Bitreserve and CNET founder Halsey Minor talks dot-commers, virtual currencies and the Bank of England's open-mindedness

Harriet Green
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After a tough period in his life, Minor is back ­– and doggedly optimistic

You might not have heard of Halsey Minor, but it’s likely that you’ve indirectly benefited from one of his many achievements. He’s one half of the brains behind CNET, the technology media website which, founded in 1994, was in the vanguard of internet firms, and is still one of the most-visited tech information resources in the world.

In 1999, he was the largest financial investor in, the cloud computing company. At the firm’s IPO in 2004, he was its second-biggest shareholder, with a 10 per cent stake. He talks freely about chats with Yahoo’s Jerry Yang and Amazon’s Jeff Bezos. In short, he was there at the birth of the internet, and he was an intrinsic part of its evolution.
After college, Minor had a stint on Wall Street, but quickly realised that it and he had different views on the world. In 1989, he was building an intranet for Merrill Lynch. The internet enticed him because it “created a standard for information exchange” – but also because “it was just really cool. We weren’t financial visionaries – we were doing what we did because we loved it. Everybody started calling us dot–comers... We had absolutely no concept of how big it was going to be”. The internet grew like billy-o, but knowing where it was heading was impossible: “innovations stack on top of each other – you just can’t predict how things will end up”.


This is true of Minor’s own life. At one stage, he was estimated to be worth $400m (£263m). But by 2013, he had declared bankruptcy, reporting debt of $100m and assets of just $50m. Imprudent spending caught up with him. It was a very long way to fall.
The years between 2006 and 2012 were the hardest. Minor got divorced in 2005, and then suffered a six-year battle with depression. “I didn’t go out for six years. I didn’t talk to any of my friends for six years. The [financial] world was melting down too, and I had to get used to lawyers taking over my world. I was reminded what it’s like not to be able to pay your utilities bill.”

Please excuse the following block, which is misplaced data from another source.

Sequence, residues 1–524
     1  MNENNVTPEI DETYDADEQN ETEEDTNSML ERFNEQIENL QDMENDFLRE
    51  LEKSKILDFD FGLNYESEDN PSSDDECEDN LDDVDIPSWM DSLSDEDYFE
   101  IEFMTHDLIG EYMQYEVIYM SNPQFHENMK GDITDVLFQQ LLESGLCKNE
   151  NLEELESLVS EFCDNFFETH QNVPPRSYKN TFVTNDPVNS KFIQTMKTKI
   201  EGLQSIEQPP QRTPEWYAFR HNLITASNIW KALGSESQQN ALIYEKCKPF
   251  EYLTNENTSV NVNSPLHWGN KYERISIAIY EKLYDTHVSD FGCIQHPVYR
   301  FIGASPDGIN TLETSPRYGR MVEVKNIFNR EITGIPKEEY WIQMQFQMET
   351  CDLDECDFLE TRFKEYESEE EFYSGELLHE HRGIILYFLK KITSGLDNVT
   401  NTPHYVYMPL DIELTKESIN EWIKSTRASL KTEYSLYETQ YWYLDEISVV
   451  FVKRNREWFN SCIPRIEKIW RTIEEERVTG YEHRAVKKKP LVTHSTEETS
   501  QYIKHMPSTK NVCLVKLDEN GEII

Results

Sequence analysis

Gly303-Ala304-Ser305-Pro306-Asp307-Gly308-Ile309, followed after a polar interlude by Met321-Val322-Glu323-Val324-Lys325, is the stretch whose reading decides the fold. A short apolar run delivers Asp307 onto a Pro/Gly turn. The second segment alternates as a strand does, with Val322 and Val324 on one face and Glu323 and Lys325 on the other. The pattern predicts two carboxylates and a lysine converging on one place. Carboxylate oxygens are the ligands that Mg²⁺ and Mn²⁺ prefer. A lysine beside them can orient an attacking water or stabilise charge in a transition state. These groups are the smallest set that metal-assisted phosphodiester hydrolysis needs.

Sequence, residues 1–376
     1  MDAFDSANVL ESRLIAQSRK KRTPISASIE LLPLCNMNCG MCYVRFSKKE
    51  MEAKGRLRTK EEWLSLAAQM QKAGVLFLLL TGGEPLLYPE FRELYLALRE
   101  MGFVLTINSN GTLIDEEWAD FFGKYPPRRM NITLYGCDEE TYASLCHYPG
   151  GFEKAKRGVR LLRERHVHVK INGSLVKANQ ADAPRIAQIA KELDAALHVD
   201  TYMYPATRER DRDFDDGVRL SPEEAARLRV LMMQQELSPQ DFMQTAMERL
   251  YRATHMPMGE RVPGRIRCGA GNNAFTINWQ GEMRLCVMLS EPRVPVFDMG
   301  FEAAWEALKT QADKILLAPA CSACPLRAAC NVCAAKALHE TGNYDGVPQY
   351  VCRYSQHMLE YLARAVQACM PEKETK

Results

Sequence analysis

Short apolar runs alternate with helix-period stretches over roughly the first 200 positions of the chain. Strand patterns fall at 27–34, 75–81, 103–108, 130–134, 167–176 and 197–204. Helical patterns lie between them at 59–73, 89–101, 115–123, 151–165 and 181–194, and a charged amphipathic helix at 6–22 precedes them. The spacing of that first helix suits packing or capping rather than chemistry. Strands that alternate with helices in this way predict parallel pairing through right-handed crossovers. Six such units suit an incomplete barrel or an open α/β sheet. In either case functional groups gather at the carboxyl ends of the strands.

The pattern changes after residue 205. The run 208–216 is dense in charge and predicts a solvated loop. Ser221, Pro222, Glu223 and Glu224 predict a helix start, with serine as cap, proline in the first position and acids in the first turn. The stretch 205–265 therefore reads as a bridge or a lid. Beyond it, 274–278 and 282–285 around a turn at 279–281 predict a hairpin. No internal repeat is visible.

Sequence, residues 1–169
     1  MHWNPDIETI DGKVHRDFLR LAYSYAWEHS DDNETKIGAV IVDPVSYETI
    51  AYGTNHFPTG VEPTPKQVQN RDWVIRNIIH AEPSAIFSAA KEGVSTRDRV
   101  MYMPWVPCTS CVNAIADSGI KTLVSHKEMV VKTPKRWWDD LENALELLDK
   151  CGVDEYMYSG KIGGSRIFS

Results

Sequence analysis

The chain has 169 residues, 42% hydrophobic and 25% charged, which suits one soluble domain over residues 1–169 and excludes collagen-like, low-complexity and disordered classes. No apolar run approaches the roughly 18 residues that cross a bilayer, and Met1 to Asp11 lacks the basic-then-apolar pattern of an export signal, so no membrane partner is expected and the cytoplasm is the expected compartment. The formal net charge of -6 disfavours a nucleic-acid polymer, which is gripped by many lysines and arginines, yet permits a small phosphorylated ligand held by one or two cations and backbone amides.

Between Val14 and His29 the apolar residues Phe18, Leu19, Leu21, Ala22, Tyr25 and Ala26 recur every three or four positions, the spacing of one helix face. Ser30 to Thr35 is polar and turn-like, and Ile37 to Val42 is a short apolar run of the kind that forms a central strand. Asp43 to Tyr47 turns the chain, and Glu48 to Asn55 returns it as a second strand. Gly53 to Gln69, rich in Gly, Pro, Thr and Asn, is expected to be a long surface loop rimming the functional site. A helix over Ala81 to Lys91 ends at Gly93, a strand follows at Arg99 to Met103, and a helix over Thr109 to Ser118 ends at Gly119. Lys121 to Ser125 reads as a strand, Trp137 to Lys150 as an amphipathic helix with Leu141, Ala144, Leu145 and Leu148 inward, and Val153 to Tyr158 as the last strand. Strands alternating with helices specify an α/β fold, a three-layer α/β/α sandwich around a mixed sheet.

Minor eloquently explains the difficult nature of depression – he had never felt like a depressive kind of person, but with the right trigger, the illness creeps up on you. A decade earlier, having just featured on the front cover of Forbes, Minor had gone looking for a father he had never met. It transpired that they had lived just 30 minutes away from each other in San Francisco. But by the time of Minor’s search, the latter had committed suicide, having himself suffered from lifelong depression.
But since 2006, Minor hasn’t had a drink, and in 2012, he stopped taking antidepressants. “It felt like my IQ went up about 20 points, and I started coming back. I was very successful early on, and I just never stopped driving forward. I guess now I’ve learnt how to be kind to myself.”

Bitserve uses a virtual card system to allow users to move money around simply


And now, Minor’s certainly back to what he does best. In 2013, he founded Bitreserve, a bitcoin wallet and holding platform. To him, virtual currencies today are what the internet was 25 years ago – they smell of the future; “it really is where we should be looking,” he says.
His two year-old company aims to “end bitcoin volatility” – and transform how we see money. It enables users to convert bitcoin into dollars, euros, pounds, yen, yuan and more, with each currency being depicted as a “card”. It’s different from other web wallet services because it has no contact with the banking system.